When I first bought my copy of Pieter Doensen’s excellent book, “Watch. History of the Modern Wrist Watch”, I was amazed by that movement photograph on the back cover. What on earth was it? It looked so complicated but I decided that I just had to find out more and, hopefully, eventually own one. It is, of course, the Longines calibre 6512 from a Longines Ultra-Quartz — the World’s First Cybernetic Watch,
As it turned out, this was the only cybernetic watch ever produced. I guess the thing that makes this watch so unique is the presence of the large number of discrete electronic components (resistors, capacitors, transistors) rather than a single integrated circuit (IC), and all of them appearing to be haphazardly soldered together! It is truly the Bird’s Nest of movements.
So what is a “Cybernetic” watch? Rather than me get it wrong, it is all explained in the Tech Bulletin scans below
This is a rare watch; I’m not sure how many were made but very few survive and even fewer are running. Over the last 4-5 years, I’ve obtained a couple of working examples but even more broken ones,
It’s the movement that makes the Longines Ultra-Quartz so special; known as the Cal. 6512, no other manufacturer used it or the principles implemented in it. Longines described three Modules in this movement. These are each described fully in the Tech Bulletin scans above, but briefly they are Electronic Module, Conventional Module and Motor Module. Some of the text below refers to these Modules.
First is a photograph of the complete movement. The battery would occupy the space in the top right.
The next photograph shows another movement with the Motor Module removed; the second photograph shows the Motor Module outside the movement. This module does exactly what it says: from the vibrating coil, it generates an impulse to drive the hands. The impulse is created through an indexing system that is identical in nature to the one used on Bulova Acutrons and ESA 9162/9164s.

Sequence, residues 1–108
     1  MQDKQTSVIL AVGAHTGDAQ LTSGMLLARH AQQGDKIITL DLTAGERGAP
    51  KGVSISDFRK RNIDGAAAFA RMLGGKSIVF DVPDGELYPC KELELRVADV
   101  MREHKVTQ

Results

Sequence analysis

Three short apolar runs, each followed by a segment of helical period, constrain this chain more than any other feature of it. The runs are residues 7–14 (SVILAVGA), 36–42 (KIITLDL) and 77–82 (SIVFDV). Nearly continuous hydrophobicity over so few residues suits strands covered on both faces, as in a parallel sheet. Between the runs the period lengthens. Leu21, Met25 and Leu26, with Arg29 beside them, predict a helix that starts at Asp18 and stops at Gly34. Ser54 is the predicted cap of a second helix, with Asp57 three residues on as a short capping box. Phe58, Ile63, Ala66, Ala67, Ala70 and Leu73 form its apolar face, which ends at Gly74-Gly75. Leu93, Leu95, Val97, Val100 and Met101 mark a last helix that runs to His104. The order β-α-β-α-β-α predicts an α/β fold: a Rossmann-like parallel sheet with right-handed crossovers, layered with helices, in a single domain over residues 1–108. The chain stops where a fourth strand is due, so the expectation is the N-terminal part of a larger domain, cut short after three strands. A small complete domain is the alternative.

The picture of the movement below also shows some sort of repair to the cannon pinion top pivot which is part of the plate with the writing on. This seems to be a common problem with this movement; I have several busted 6512 movements and others show repairs/alterations to this area. Compare this with the same area on the good movement above.
The next two photographs show the silver coloured torsion bar, counter weight and coil from the Motor Module. You can also see the indexing pawl + jewel that engages with the Index Wheel, also part of the Motor Module. In this example, the torsion bar is slightly bent which has resulted in the coil touching the sides of the permanent magnets (see photo of the complete Motor Module above)…and the coil is now open circuit and useless.
Although the Electronics Module is complicated with all that soldering and all those components, it is this delicate coil that fails on these watches…and, I suspect, usually due to careless handling and / or adjustment.
Literature on the Ultra-Quartz is scarce, so I’ve never seen a Longines Sales Brochure that might highlight the various Ultra-Quartz models. Having said that, after researching various Internet sources, there seems to be only two case styles: one is a square style while the other is a traditional shape for a round faced dial. Both appear to be available in either a heavy gold plate or stainless steel and various dial colours were available.
The dials on the round faced models are superb. The way the second hand passes underneath the hour markers is very striking.
This last watch appears to be a factory conversion: the Ultra-Quartz movement has been replaced with a quartz movement. The rear crown has been removed and replaced with a conventional side crown.